As we make our way on foot through the highlands of Martinique, I realize that we are also entering the heartland of a distinct Caribbean culture in which the voices of many generations still resonate.
We have meandered through what are called the Creole Gardens, and the complementary and stunning physical landscape in which they thrive. These small private farms on the volcanic slopes of Martinique’s lush interior are intricately and skillfully integrated into a nutrient-rich ecosystem, which in many ways is also the essence of this culturally resource-rich island.
Biological and cultural diversity
Sometimes called les jardins de résistance (the gardens of resistance), these well-ordered plots of land today are models of sustainability and regenerative agricultural practices. They are also representative of a culture of self-determination; and of a deep sense of interconnectedness between a benevolent terrain and the people it has nurtured.
This is the soul of Martinique, fondly known as the Fleur des Caraïbes − the flower of the Caribbean.
But the Creole Gardens are also appropriate symbols for the struggles and ultimate triumphs of the heterogeneous culture of Martinique, a collective self-actualization that has been in progress for hundreds of years. It is these layers of history and culture that make up the mosaic of Martinique, evoking an historical awareness of the long-ago colonial aspirations of European powers and of empire-building. But at the core of the complex narrative that is Martinique is also the institution of slavery.
When France abolished slavery in its overseas colonies in March 1818, only 45 years before Abraham Lincoln’s Emancipation Proclamation, a Creole culture began to flourish which would blend French traditions, mores, and a legal and social infrastructure with that of the oral history and traditions of people of African descent.
As was the case on other Caribbean islands, Martinique was part of the plantation economies in the West Indies colonies, of France especially. As a result, many of these islands began to thrive as centres for the export of sugar. But the forced labour of the black slaves on these sugar plantations was cruel and harsh, more so even than that of the cotton plantations of the American South.
And when emancipation came, the people of Martinique, who were then very much a blend of the Old and New Worlds, became the principal source of a renaissance and cultural élan by emphasizing this prodigious and magnificent island’s natural resources, and its intrinsic beauty. As Bertrand Russell said, “extreme hopes are born from extreme misery.” This is the transcendent beauty of Martinique.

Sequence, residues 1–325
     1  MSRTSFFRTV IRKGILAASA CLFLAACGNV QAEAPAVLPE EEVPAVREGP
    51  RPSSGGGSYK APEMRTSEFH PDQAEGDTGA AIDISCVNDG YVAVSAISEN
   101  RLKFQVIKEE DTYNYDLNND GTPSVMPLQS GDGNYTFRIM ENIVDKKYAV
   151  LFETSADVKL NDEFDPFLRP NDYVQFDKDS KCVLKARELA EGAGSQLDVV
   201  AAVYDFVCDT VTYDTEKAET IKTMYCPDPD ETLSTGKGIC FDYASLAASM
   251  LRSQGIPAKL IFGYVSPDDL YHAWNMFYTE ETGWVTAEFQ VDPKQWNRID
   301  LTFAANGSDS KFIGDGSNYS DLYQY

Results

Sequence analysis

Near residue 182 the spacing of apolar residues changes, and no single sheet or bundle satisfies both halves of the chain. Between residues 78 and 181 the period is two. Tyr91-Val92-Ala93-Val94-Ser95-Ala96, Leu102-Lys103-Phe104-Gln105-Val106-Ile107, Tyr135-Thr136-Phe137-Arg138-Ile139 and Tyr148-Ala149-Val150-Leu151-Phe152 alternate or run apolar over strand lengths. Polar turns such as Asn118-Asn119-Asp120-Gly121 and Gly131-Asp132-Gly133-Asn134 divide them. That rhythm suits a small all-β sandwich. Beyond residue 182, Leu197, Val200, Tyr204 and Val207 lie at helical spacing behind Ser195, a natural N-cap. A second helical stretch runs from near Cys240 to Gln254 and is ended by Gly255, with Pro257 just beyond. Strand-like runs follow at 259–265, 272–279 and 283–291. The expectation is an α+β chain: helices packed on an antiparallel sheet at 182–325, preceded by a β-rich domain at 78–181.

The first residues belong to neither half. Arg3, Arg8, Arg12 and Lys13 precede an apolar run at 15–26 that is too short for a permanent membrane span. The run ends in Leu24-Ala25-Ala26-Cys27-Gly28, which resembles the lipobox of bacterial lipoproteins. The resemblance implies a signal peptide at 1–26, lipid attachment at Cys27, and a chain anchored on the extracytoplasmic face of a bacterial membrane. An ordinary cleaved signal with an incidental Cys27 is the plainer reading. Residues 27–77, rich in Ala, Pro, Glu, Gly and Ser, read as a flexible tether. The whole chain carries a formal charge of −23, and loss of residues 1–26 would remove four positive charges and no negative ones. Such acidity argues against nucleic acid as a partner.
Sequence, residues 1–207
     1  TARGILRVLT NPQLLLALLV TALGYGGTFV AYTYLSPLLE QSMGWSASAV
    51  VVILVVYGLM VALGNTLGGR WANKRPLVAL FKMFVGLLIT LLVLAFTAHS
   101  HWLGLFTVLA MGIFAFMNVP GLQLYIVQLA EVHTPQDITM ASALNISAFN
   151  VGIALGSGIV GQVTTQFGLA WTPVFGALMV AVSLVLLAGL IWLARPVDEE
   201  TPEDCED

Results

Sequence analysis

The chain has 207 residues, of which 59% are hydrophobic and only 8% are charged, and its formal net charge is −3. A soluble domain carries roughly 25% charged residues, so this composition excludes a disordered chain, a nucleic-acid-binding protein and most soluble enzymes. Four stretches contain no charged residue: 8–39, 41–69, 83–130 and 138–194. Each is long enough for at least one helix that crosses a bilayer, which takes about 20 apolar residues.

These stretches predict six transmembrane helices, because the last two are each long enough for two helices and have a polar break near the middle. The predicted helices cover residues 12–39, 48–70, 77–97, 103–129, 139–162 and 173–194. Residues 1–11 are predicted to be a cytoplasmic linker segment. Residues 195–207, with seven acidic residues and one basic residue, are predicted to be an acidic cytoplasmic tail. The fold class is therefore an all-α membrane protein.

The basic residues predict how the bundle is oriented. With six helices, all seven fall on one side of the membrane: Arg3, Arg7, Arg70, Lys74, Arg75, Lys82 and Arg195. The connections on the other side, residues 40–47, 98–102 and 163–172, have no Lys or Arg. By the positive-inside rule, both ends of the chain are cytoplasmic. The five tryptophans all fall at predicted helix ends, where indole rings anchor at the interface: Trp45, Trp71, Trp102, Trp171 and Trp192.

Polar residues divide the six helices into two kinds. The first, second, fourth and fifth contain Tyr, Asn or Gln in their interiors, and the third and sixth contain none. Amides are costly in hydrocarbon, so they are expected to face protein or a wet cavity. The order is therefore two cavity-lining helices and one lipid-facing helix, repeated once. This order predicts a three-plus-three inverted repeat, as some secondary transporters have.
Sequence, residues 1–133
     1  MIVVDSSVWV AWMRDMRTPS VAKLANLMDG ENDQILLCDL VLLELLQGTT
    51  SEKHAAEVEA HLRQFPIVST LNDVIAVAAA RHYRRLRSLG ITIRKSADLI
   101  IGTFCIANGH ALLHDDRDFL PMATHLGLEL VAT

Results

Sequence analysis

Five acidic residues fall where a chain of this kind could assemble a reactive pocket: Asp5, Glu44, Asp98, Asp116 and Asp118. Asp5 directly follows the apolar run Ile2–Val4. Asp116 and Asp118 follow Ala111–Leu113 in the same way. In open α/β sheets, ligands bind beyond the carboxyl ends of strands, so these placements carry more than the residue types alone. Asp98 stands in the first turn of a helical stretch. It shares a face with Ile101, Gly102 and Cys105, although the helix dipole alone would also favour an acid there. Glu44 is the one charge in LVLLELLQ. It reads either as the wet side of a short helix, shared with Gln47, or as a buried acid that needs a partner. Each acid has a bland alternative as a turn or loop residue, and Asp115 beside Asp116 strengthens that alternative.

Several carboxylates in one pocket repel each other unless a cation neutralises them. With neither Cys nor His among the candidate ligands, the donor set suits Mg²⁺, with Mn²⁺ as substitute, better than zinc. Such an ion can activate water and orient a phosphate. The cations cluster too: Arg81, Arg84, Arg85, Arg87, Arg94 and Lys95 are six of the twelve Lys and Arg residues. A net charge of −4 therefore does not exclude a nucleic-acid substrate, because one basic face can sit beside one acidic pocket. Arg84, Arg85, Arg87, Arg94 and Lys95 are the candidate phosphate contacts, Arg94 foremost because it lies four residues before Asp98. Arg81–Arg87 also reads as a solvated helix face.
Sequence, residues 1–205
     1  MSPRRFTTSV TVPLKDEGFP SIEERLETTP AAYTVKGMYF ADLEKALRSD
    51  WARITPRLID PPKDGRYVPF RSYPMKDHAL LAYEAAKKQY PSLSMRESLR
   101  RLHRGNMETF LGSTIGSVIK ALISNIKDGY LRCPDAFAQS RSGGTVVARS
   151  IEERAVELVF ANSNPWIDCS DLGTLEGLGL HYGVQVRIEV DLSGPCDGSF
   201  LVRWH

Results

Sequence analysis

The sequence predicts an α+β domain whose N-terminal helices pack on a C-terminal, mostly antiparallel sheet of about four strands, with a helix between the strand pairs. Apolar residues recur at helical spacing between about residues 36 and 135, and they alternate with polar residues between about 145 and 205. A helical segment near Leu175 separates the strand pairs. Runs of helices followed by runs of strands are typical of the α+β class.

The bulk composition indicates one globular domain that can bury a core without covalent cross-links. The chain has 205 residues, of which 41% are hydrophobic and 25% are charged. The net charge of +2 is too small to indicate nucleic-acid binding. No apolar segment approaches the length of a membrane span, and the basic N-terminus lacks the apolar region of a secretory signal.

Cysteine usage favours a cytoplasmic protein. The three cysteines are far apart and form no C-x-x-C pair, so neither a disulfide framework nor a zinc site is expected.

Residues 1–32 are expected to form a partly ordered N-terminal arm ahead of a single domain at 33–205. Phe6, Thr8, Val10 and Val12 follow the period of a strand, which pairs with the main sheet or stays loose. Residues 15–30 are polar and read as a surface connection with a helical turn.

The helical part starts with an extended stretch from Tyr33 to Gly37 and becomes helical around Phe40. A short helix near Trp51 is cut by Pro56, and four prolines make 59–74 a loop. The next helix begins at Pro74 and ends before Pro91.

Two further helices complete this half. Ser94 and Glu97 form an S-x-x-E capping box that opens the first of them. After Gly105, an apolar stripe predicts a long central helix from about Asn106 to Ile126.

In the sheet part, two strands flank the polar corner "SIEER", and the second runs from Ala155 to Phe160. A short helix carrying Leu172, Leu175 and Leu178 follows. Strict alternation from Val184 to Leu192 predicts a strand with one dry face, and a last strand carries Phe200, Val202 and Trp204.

Canadians especially will identify with the island’s biodiversity as well as with its multicultural heritage; discovering layers of meaningfulness and a quiet passion that underscores the resourcefulness and insight that this rich natural environment engenders. And like the Creole Gardens, this relatively small island destination has an abundance of natural treasures as well as historical and heritage sites that both enlighten and entertain.
The hues and shades of the social fabric and natural history of Martinique are also reflected in the preservation and careful maintenance of sites such as the Parc régional de la Caravelle, an extensive 2.5-hectare nature preserve of considerable biological importance given its nutrient-rich mangroves. Nearby is the Château Dubuc, one of the island’s former sugar plantations with spectacular views and seascapes. The château dates from 1773 and today is tangible evidence of the historic and commercial importance of Martinique as a former colony of France. The Habitation Clément, a former rum distillery, today is a wonderful example of the kind of impeccably restored heritage site you will find in Martinique. The estate’s colonial-era buildings, contemporary art gallery, and luxuriant landscapes are worth a half-day visit at least.
A year-round destination, Martinique is known for its excellent infrastructure, accommodation to suit all needs and budgets, golf courses à la Robert Trent Jones, the glorious Tour des Yoles sailing race in August, horticultural travel at its best, and sustainable tourism.
The list of content-rich sites and unique experiences in Martinique is almost endless. But what also makes up the persona of Martinique is its aesthetic qualities and grassroots experiences. Here people and human culture matter, and in the classical French tradition everything is accomplished with finesse and style − especially in the culinary arts. Martinique is a gourmet destination in all respects, but it is also the beau idéal of what has come to be known as “slow food” culture. Local markets, especially the one in the capital of Fort-de-France, epitomize eating well.